Roth IRAs can be valuable sources of tax-free income in retirement, to pay college expenses or even to buy a first home. Roth contributions can always be withdrawn tax-free and penalty-free. However, to withdraw earnings for these purposes, a Roth IRA has to be in place for minimum of five years. As a result, establishing a Roth IRA to start the five-year period can be a valuable financial planning maneuver. For example, a recent college graduate can open a Roth IRA now with a small amount and then save in a Roth 401(k) at work for the next few years. If the individual then switches jobs, she can roll the Roth 401(k) into the Roth IRA and then tap it for up to $10,000 when she purchases her first home - as long as the five-year period has been met. Roth IRAs are great as a wealth transfer vehicle for a couple of reasons. First, unlike traditional IRA assets, Roth IRA assets are not subject to required minimum distribution requirements. Thus, these assets can continue to grow throughout retirement without being drawn down due to mandatory withdrawals. Then, when passed along at death, the inheritor of the Roth IRA assets does not need to pay taxes when withdrawals are made. While there are restrictions in making a direct Roth IRA contribution in a given year, individuals can invest in a Roth IRA by contributing to a non-deductible traditional IRA and then converting it to a Roth IRA right away. This strategy, called a Backdoor Roth IRA , is becoming increasingly popular due to the unique benefits of building Roth IRA assets.

4. Give to charities in a tax-smart way

If you are giving to charities, make sure you do it in a tax-efficient way, and take advantage of any match your employer might offer. From a pure tax standpoint, the Tax Cuts and Jobs Act made charitable giving less attractive for a large number of Americans. The reason for this is that millions are expected to now use the higher standard deduction when they file their taxes and therefore won't itemize their deductions. Since they won't itemize, they cannot deduct a charitable contribution. One option for individuals is to alternate years between using the standard deduction and itemizing deductions. Then, hold off on making a charitable gift until the tax year you will itemize your deductions. Another option that families have is they can give up to $100,000 annually from an IRA to a charity. While this can be done with a traditional IRA or Roth IRA, it typically would be more beneficial to do this with a traditional IRA since taxes have not been paid on these assets and will not need to be paid at all if given to a charity. And last, but not least -- if your employer offers a company match for charitable donations don't forget to take advantage of it. Many employers set a deadline -- typically at the end of the year -- for employees to request a donation match.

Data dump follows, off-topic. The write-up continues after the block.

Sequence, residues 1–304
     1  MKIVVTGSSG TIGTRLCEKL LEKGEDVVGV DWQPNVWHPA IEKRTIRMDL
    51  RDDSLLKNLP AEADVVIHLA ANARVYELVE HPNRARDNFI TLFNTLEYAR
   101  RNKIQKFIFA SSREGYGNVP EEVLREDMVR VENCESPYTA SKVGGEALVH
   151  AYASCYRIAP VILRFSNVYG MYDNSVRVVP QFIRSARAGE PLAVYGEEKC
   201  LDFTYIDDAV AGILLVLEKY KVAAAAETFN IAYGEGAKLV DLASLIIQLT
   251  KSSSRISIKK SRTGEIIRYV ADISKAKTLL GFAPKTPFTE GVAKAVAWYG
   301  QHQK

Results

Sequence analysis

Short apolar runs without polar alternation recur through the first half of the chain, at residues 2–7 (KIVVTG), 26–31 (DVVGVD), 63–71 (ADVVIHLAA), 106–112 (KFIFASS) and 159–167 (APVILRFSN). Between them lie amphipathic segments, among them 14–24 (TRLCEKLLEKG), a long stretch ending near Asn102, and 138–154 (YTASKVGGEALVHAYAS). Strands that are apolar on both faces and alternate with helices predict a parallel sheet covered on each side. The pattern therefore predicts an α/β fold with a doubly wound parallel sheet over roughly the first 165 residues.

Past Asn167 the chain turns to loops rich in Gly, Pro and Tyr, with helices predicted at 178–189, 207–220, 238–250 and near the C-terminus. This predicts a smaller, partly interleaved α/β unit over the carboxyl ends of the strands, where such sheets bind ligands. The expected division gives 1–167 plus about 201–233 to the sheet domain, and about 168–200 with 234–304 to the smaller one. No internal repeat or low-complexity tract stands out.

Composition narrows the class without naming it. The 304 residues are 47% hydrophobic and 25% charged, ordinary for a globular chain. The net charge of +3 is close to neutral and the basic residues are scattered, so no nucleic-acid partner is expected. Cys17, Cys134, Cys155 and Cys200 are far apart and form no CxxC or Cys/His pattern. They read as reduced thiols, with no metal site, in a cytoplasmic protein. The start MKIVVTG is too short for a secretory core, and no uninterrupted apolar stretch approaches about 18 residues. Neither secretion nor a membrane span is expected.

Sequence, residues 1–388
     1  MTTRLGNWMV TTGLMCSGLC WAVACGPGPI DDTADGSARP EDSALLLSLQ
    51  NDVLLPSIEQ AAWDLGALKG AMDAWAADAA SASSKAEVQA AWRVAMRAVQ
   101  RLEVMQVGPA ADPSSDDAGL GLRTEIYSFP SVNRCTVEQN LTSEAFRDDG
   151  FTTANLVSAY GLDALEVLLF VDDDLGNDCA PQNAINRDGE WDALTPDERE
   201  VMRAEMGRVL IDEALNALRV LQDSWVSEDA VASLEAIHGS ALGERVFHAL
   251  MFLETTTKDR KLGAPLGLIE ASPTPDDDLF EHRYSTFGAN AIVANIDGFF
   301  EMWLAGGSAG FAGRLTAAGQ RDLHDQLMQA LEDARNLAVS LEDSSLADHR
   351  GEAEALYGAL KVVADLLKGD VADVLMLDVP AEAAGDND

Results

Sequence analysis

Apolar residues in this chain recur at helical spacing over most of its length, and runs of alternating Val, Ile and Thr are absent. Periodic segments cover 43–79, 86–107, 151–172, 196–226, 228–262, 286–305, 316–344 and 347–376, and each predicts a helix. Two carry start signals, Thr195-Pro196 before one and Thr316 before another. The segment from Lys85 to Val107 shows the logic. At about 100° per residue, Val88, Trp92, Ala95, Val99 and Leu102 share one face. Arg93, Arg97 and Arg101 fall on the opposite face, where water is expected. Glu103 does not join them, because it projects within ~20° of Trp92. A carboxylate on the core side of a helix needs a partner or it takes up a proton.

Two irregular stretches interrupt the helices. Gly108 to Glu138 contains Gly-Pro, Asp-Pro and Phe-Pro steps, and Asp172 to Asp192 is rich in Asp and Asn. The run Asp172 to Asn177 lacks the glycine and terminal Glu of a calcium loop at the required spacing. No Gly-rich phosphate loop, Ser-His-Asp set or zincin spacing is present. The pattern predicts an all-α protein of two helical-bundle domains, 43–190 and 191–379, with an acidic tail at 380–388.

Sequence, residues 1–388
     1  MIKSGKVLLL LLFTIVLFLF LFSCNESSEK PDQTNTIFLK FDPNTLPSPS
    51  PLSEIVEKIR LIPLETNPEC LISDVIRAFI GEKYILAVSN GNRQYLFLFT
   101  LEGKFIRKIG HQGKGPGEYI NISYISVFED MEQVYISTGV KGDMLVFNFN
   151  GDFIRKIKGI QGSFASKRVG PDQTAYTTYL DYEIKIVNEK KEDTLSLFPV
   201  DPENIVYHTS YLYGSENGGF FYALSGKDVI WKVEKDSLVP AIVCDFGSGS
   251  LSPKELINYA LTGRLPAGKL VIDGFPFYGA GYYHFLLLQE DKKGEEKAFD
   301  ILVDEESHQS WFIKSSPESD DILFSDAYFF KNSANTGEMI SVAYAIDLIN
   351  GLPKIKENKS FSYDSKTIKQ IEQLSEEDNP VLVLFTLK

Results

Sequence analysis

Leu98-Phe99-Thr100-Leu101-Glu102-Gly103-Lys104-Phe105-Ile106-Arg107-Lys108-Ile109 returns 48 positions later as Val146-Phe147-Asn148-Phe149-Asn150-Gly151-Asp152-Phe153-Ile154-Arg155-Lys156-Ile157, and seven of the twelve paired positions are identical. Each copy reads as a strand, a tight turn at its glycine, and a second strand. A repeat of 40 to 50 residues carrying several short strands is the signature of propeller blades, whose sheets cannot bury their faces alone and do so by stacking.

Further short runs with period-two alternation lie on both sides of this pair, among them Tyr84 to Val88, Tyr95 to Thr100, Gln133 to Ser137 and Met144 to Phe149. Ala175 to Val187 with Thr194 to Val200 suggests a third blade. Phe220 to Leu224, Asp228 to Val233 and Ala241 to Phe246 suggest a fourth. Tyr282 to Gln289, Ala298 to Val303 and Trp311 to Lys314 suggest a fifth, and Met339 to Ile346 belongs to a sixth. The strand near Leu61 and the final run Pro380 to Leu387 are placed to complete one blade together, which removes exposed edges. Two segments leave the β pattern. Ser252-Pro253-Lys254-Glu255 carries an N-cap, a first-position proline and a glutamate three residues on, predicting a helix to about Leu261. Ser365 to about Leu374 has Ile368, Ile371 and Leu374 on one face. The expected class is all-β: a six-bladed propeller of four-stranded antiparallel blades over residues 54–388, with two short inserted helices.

5. Consider making a "financial resolution" for 2019

Just as you can make a New Year's resolution to get fit or eat healthier, you can also take small steps going into 2019 to make yourself financially fit. From adding just 1% more to your workplace 401(k) plan to completely maxing it out ( contribution limits for 2019 are $19,000, while catch-up contributions are $6,000), by making a pledge to pay yourself first you can increase your retirement savings considerably.

Of course, personal circumstances vary. Please consult your tax and financial advisers regarding your specific situation.

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This article was written by and presents the views of our contributing adviser, not the Kiplinger editorial staff. You can check adviser records with the SEC or with FINRA .

The views and opinions expressed herein are the views and opinions of the author and do not necessarily reflect those of Nasdaq, Inc.

The views and opinions expressed herein are the views and opinions of the author and do not necessarily reflect those of Nasdaq, Inc.